There are no perfect fathers, but a yet very young boy does not realize that yet. To children, their fathers are awesome figures to emulate. He is, after all, the first man in their life which they learn to obey, who gives them love and attention, fixes everything that’s broken, and who seems to know the answer to every question. However, there are instances, or sometimes all it takes is one event, when the child realizes the truth: that his father is far from the perfect superhero with godlike qualities.
Nevertheless, every child needs to have those chances to believe in his father so that in spite the realization which occurs later on, the child retains a sense of adulation, even if it is only as a form of sentiment towards one’s father than the actual truth. The father, however, has the responsibility of making sure that he deserves the respect and trust of his son in spite the mistakes he make—which his son would see and feel.
The son can forgive his father if his good traits overpower his weaknesses, or if the father can justify the necessity of doing something that is considered socially or morally unacceptable. The failure of Abner Snopes to make his son believe in the rightness of his reasons for doing the things that he do is the cause as to why he fails in assuming the role of a good father to young Santy Snopes in William Faulkner’s short story, “Barn Burning”.
Although the son knows that his father is the one who commits arson to properties of people who angers him, Santy Snopes tries to justify them as simply “his father’s habit and custom” (Faulkner). He also thinks that his father’s actions are brought about by the fact that “the element of fire spoke to some deep misgiving of his father’s being…as the one weapon for the preservation of (his) integrity” (Faulkner). His father could not help what he does. Destroying other people’s things is how he deals with his personal insecurities.
It is not totally his fault. Santy tries to make himself believe that his father has redeeming qualities, too. “He was brave!… He was in the war! He was in Colonel Sartoris’ cav’ry” (Faulkner), Santy defends his father to himself. These self-justifications are the chances that Santy give his own father to redeem his flawed character in his eyes. He would not be able to keep this up, however. The family’s new employer is well-off and lives in a beautiful house and Santy thinks that “They (the employers) are safe from him (his father).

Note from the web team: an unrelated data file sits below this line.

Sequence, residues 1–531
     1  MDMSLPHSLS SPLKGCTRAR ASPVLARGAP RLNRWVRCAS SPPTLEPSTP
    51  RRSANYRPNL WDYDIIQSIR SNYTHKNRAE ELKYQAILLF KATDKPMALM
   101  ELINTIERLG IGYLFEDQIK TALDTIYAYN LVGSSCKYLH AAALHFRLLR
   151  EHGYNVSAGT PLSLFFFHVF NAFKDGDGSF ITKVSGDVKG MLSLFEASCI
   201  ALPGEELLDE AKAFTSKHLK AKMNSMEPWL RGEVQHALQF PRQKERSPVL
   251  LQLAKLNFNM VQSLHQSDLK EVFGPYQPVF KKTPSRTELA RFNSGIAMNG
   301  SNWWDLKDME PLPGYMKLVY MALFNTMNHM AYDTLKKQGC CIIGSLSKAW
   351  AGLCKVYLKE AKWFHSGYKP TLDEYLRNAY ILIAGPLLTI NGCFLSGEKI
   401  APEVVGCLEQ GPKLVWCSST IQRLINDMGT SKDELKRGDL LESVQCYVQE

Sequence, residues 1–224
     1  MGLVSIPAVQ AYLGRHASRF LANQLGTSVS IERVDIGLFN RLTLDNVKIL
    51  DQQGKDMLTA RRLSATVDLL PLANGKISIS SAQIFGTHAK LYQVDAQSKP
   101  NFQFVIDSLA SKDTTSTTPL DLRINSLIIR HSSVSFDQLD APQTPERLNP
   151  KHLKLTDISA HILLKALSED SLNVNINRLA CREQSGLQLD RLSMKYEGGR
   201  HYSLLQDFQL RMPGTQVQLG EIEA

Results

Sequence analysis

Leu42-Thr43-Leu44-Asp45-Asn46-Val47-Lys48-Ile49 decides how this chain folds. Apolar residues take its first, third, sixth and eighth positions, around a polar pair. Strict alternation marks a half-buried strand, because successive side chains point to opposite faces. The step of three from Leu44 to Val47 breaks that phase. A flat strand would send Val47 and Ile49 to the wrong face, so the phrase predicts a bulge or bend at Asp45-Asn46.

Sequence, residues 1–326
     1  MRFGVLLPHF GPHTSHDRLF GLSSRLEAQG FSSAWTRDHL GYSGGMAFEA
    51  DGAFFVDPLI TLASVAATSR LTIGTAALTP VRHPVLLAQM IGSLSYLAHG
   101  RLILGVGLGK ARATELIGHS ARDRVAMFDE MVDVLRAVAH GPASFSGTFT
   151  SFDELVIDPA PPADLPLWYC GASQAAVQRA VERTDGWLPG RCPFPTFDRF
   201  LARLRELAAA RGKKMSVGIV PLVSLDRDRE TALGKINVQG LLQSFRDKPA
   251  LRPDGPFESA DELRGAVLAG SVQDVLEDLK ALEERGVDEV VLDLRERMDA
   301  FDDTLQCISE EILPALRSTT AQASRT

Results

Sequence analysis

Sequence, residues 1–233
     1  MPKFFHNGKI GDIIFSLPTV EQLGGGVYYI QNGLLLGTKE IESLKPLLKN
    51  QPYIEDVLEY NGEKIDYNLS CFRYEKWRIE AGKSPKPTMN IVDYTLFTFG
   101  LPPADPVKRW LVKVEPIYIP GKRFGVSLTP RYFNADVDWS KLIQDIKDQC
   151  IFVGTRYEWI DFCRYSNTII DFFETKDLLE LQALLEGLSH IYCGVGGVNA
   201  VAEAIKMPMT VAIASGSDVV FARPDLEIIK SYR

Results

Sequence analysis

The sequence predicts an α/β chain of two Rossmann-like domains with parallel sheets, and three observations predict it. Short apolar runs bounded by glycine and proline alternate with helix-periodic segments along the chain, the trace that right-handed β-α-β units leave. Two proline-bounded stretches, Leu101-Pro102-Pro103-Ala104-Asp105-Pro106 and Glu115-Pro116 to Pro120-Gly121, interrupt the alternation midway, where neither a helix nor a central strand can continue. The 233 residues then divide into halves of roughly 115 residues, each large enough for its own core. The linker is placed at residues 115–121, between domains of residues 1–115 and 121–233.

People whose lives are a part of this peace and dignity are beyond his touch, he no more to them than a buzzing wasp” (Faulkner). But Abner Snopes does not care whom to mess with. When he feels insulted by the land owner, Snopes decides to burn his barn, too. This breaks this straw and at this point, Santy decides to finally go against his father. I have had my own experiences of being disappointed with my own father. Fortunately, I do not share the drama and tragedy of Santy Snope’s relationship and life with his father.
My father has a habit of promising things and then breaking them when the time comes to fulfill them, giving excuses like, he has a more pressing matter or emergency to attend to. Every promise is a chance for my father to make me believe in him. Every promise broken is a slight loss of faith of my faith in him. However, since at times he does fulfill his promise, the loss is recouped with every promise kept. I do not totally lose my belief in my father because of the good that balances the weakness in his personality.
Abner Snopes may be resentful of those whose lot in life is better than his, he may have personal issues that require psychiatric intervention to be resolved, but he could have kept a relationship with his son if only he had redeemed himself in other ways in the eyes of his son. His son gave him all the chances for him to believe in his father, but Abner Snopes should also have done his part in the father-son relationship: he should have also given young Santy good reasons to believe in him—and in this he failed.
Reference: Faulkner, William. Barn Burning.